Here’s how you avoid the most common rental scam

Although scams are not a major problem in Denmark, it does happen and expats and internationals are often cheated because they don’t know how things are done in Denmark.

The main thing to look out for are scams where someone will try and rent out apartments they don’t own themselves. Maybe they booked it on Airbnb and then post somewhere online that they are renting out an apartment. What these people are after is your deposit, they’ll claim there is a lot of interest so you better sign fast and transfer the deposit. If you transfer the deposit you’ll never see or hear from them again.

This is the most dangerous scam to expats and international students, because they come to Denmark and are in a hurry to find somewhere to live. So even if you’re in a hurry and even if you’re worried because you can’t find anything on the market, remember to take precautions.

Avoiding the most common rental scam in 4 easy steps

Only agree to send money to a Danish bank account. Some scammers will try to convince you to transfer the deposit via alternate ways, some might even ask for it in cash. The point being to get a hold of your money in such a way that it will be difficult to trace the money and get it back. There only transfer the deposit to a Danish bank account, in that case if you are dealing with a scammer the banks can help.

If it’s an offer that’s too good to be true then it probably is. In the big cities apartments are not vacant for long and the scammers take advantage of that. People have to move fast to get one when they become available and sometimes that makes people ignore their intuition. Now the scammers won’t ask for the maximum deposit allowed, that will often be an amount so large that people become hesitant. They will ask for a deposit small enough to make you not think about the risks, also rent will probably be lower than the norm to make people think they have found a great offer. So, if it’s a good offer and they’re asking for a low deposit, be skeptical.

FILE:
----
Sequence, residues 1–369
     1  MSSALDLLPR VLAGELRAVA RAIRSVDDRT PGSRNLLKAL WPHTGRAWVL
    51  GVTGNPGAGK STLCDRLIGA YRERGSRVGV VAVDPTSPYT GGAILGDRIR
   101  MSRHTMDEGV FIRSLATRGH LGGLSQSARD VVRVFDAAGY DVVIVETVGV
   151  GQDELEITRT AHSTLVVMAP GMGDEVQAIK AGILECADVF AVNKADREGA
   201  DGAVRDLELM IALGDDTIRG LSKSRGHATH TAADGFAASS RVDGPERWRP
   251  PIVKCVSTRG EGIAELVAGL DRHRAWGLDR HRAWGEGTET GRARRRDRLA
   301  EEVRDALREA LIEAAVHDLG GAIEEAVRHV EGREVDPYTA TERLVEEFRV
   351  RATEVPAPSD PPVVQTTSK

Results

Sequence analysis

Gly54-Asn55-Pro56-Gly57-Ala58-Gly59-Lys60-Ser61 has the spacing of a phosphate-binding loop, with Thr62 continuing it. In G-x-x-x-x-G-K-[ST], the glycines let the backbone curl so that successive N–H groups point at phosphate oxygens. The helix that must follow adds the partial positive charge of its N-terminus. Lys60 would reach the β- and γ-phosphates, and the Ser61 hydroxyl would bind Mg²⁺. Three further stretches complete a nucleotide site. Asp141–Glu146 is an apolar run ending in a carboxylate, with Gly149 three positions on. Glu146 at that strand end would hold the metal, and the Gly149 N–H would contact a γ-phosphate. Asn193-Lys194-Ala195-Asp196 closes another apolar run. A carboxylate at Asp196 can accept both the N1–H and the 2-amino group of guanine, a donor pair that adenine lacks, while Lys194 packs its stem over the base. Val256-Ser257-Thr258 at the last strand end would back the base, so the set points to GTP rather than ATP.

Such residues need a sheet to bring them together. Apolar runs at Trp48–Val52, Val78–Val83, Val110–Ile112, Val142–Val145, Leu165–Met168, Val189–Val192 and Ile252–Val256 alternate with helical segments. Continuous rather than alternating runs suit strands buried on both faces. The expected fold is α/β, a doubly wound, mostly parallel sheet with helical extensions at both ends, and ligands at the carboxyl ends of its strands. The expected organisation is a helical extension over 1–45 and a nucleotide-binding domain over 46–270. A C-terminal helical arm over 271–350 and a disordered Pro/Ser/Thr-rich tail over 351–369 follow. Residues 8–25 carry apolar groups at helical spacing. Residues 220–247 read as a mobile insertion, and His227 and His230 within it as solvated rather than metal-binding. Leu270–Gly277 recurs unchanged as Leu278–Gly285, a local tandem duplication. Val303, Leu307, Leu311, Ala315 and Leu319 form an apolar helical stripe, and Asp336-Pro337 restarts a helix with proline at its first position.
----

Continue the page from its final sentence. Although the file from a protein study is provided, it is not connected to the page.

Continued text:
Research the owner. In Denmark it’s possible and rather easy to research the owner of any residential property via the government run website, not only that it’s free of charge too. Always make it a habit to research the owner of a property you’re about to rent. If the person you’re talking to is not the owner that is a red flag. Subletting is a possibility but let the person you’re talking to bring it up, be smart about knowing the name of the owner.

Get a signed rental agreement first. You’re not obligated to transfer the deposit until you have signed the rental agreement/lease and landlord has signed it too. By law the lease must contain the name and address of the person renting out the house or apartment. Use this information to research the owner, look up the address that is written in the contract, does the name registered to the address match the person you’re talking to? Does it match with the real owner of the property? Lastly, don’t be afraid to ask for photo ID (I actually send a copy of my driver’s license to my tenants for this reason).